From surgical considerations, through insurance and lifestyle issues, to counseling, this book is an ideal patient hand-out. It also meets the needs of medical and allied health professionals in the communication sciences in understanding and being able to serve the information needs of parents in this situation.
Throughout the text, the authors address new questions and issues resulting from the rapidly evolving technology. The authors detail the effects of more and younger children receiving cochlear implants entering into school systems and discuss the emerging and increased role of the speech pathologist. The book is the ideal guide and supplies the school professional with tools for providing the best possible direction and options for children with cochlear implants.
This text provides information on assessing the whole child, what measures to consider, and how to communicate the findings. It is the distinct source for practical information on how to develop a test protocol, select appropriate tests, ensure a comprehensive assessment, and integrate the findings into an appropriate treatment plan.
As a unique resource that focuses on a relevant topic in today's accountability culture, this text will appeal to undergraduate and graduate students in deaf education and communication sciences and disorders; practicing professionals such as speech-language pathologists, audiologists, and psychologists; professionals studying for advanced certifications; as well as teachers of the deaf and hard of hearing, professors of aural (re)habilitation, special educators, school administrators, and early intervention service coordinators.
The training manual covers the four main competencies of most state practical examinations: audiometric testing, impression taking, hearing aid fitting, and hearing aid troubleshooting. The competency modules are divided into chapters related to the concept of the module. Objectives and vocabulary open the chapter to help guide the reader, and a Putting It All Together section at the end of the chapter ties together the concepts of the module with practical activities, allowing the individual to perform the competency as they would for their state licensing examination.
They're not deaf, autistic, or slow. They have APD.
APD has been called the auditory equivalent of dyslexia, and its debilitatiting effects cross all ages, genders, and races. APD can cause children to fail in school and adults to suffer socially and in their careers, but until now, there has been little information available.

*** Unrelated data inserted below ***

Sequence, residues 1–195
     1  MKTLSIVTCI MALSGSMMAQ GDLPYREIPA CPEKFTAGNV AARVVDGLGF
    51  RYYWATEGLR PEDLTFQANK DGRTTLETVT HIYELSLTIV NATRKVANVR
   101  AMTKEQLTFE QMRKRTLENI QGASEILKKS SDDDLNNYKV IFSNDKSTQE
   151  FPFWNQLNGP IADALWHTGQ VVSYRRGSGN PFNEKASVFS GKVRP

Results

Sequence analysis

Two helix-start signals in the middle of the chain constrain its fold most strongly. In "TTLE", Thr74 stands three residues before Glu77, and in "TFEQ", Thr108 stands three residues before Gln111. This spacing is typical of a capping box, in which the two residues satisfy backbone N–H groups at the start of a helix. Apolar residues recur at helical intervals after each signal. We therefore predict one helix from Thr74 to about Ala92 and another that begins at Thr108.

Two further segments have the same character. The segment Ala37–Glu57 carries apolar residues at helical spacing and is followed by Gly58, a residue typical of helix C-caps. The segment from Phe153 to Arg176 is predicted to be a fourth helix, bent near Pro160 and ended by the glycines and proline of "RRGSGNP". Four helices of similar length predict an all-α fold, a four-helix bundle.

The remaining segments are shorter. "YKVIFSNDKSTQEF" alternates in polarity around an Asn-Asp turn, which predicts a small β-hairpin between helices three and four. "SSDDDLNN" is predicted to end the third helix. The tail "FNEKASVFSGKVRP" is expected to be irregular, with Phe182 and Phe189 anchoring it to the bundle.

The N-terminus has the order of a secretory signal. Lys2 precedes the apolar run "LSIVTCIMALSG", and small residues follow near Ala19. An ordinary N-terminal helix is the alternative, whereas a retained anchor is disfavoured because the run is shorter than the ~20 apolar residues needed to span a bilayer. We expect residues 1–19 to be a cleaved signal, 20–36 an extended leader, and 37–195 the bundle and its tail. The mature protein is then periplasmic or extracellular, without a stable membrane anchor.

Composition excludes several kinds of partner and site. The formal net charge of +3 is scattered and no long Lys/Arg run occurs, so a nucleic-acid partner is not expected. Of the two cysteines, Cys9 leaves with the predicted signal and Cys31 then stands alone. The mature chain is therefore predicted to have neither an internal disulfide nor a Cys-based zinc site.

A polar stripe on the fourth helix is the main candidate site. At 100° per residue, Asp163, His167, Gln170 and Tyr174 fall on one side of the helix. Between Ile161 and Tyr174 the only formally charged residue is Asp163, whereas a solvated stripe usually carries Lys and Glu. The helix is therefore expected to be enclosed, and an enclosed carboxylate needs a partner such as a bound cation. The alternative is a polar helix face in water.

Written by Dr. Teri James Bellis, one of the world's foremost authorities on APD, this is the first book on the subject that is completely accessible to the public. Through helpful checklists and case studies, you'll finally discover the answers you need, as well as proven strategies for living with APD. Comprehensive and powerfully prescriptive, this book contains vital information for anyone who suffers from this serious disorder.
When the Brain Can't Hear
gives you all the latest information: What is APD? how APD affects children APD in adults diagnosis and testing treatment options living successfully with APD memory enhancement and other coping techniques
Yankel loves to tell stories, as long as they are someone else's. He does not see the hurt that his stories cause, the way they spread and change. Then the rabbi hands him a bag of feathers and tells him to place one on every doorstep in the village. Yankel is changed by what happens and finds himself with his best story yet, one of his very own.
Calling herself a "Jack-of-all-trades writer," Debby Waldman says that she was drawn to retell A Sack Full of Feathers because "I'm Jewish and I love folklore, and finding such a great story in my own folklore tradition was a gift." Debby lives in Edmonton, Alberta, with her husband and two children. A Sack Full of Feathers is her first picture book.
Cindy Revell lives in the country near Edmonton, Alberta. She says of herself that she "has a thing for spotted cats," and readers of A Sack full of Feathers will have to agree. She loves birds too, so her own cats stay indoors. In 2001, Cindy was nominated for a Governor General's Literary Award for Children's Book Illustration for Mallory and the Power Boy by Pete Marlowe. She works in acrylic on Bristol.